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Final Fantasy: The Spirits Within

movie reviewmovie reviewmovie review out of 4 Movie Review: Final Fantasy: The Spirits Within

Starring: Ming-Na Wen, Alec Baldwin
Director: Hironobu Sakaguchi
Rated: PG-13
RunTime: 101 Minutes
Release Date: July 2001
Genres: Action, Animation, Sci-Fi/Fantasy

*Also starring: Donald Sutherland, James Woods, Ving Rhames, Peri Gilpin, Steve Buscemi, David Michie, David Randolph, Steve Alterman

Review by Harvey Karten
No Rating Supplied

"Final Fantasy: The Spirits Within" was put together over a four-year period by a team that was half-Japanese and half- American, directed by Hironobu Sakaguchi--from a country that has helped to popularize tofu (bean curd) in the United States. Why mention this? There's an analogy to be found. When tofu is not used in its most basic form, a white, nutritious cake which takes on the flavor of whatever surrounds it, this miracle food is in manufactured construct takes on the look and to some extent the flavor of another edible that it's imitating. Look on supermarket shelves and you may find tofu milk, tofu burgers, tofu hot dogs, tofu ice cream and several other varieties of ersatz nourishment. Can the tofu fool anyone into thinking that it's really a burger or a hot dog? No way. After all the money that has gone into research, there's a significant distinction between the curd and the meat or dairy product it's designed to emulate. What does this mean? It means that the cruel slaughterhouses of agribusiness will continue to churn out billions of deaths each year to feed the American palate. Will tofu ever replace pigs, cows, lambs and chicken thereby eliminating the entire heartless industry? Maybe...let's hope so. There's been quite an improvement in the bean curd industry from its infancy when it produced nothing short of offensive milk that you wouldn't feed to your kitten.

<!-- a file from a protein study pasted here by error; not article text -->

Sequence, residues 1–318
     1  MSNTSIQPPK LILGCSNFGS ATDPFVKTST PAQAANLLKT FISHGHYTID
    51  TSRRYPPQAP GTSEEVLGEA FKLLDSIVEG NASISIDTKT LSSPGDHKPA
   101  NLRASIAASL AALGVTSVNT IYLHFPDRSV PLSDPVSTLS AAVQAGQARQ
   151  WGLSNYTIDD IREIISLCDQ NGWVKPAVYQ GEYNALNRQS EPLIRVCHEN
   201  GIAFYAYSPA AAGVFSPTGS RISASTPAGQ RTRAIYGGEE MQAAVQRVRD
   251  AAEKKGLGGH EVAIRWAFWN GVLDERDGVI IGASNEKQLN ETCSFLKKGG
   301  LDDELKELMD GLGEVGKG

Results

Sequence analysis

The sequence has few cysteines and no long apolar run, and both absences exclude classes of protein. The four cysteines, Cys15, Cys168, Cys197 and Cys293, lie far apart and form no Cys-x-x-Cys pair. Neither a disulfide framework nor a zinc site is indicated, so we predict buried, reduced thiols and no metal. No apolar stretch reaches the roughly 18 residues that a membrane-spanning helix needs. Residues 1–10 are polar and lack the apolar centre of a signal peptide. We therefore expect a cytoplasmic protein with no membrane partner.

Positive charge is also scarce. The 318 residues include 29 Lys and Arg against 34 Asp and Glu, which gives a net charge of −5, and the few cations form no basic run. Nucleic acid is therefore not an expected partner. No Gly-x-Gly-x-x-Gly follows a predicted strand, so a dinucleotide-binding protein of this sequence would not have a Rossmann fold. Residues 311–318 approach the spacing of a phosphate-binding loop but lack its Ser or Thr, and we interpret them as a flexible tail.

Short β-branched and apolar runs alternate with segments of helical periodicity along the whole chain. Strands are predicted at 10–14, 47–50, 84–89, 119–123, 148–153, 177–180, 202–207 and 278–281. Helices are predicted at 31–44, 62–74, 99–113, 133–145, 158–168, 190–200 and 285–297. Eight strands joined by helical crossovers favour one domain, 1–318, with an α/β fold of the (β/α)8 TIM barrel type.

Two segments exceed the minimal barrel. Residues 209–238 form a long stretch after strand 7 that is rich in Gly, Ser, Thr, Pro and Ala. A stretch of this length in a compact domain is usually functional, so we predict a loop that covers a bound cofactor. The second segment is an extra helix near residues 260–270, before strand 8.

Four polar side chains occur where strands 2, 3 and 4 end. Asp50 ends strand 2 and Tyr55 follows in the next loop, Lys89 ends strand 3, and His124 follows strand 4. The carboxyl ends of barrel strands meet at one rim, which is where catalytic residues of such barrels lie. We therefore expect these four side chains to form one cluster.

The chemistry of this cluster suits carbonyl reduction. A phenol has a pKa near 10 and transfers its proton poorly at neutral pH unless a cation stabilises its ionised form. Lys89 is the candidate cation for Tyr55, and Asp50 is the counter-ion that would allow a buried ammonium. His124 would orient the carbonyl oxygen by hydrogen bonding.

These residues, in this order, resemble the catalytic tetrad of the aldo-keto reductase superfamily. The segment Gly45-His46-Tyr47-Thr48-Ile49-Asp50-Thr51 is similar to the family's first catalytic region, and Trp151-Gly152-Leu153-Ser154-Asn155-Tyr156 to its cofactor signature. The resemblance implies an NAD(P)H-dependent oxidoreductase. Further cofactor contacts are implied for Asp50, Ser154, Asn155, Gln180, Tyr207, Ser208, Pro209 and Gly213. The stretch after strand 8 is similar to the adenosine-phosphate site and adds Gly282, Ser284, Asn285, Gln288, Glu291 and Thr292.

Same goes for "Final Fantasy." The movie represents the first time a real bid has been made to replicate human actors, a potential union-busting technology which--even if it eventually replaces Julia Roberts with her standard 20 million per picture paycheck--still costs the producers a cool 140 million. Is "Final Fantasy" worth the price? That depends on what you seek when you pays your money and takes your choice. If you're looking for a cool story, you'll get nothing new. The only thing that can be said about this sci-fi narrative is that it is far superior to the horrendous tale told in IMAX 3-D's "The Haunted Castle." But you don't go to IMAX films for the yarn: you go for the technology. Ditto "Final Fantasy." That's why you'd be well advised not to pass up Mr. Sakaguchi's visionary work, a genuine breakthrough which may not be the equivalent of the introduction of sound or 3-D or even Cinemascope but which could point the way to near-perfect, non-actor-performed pictures in the future.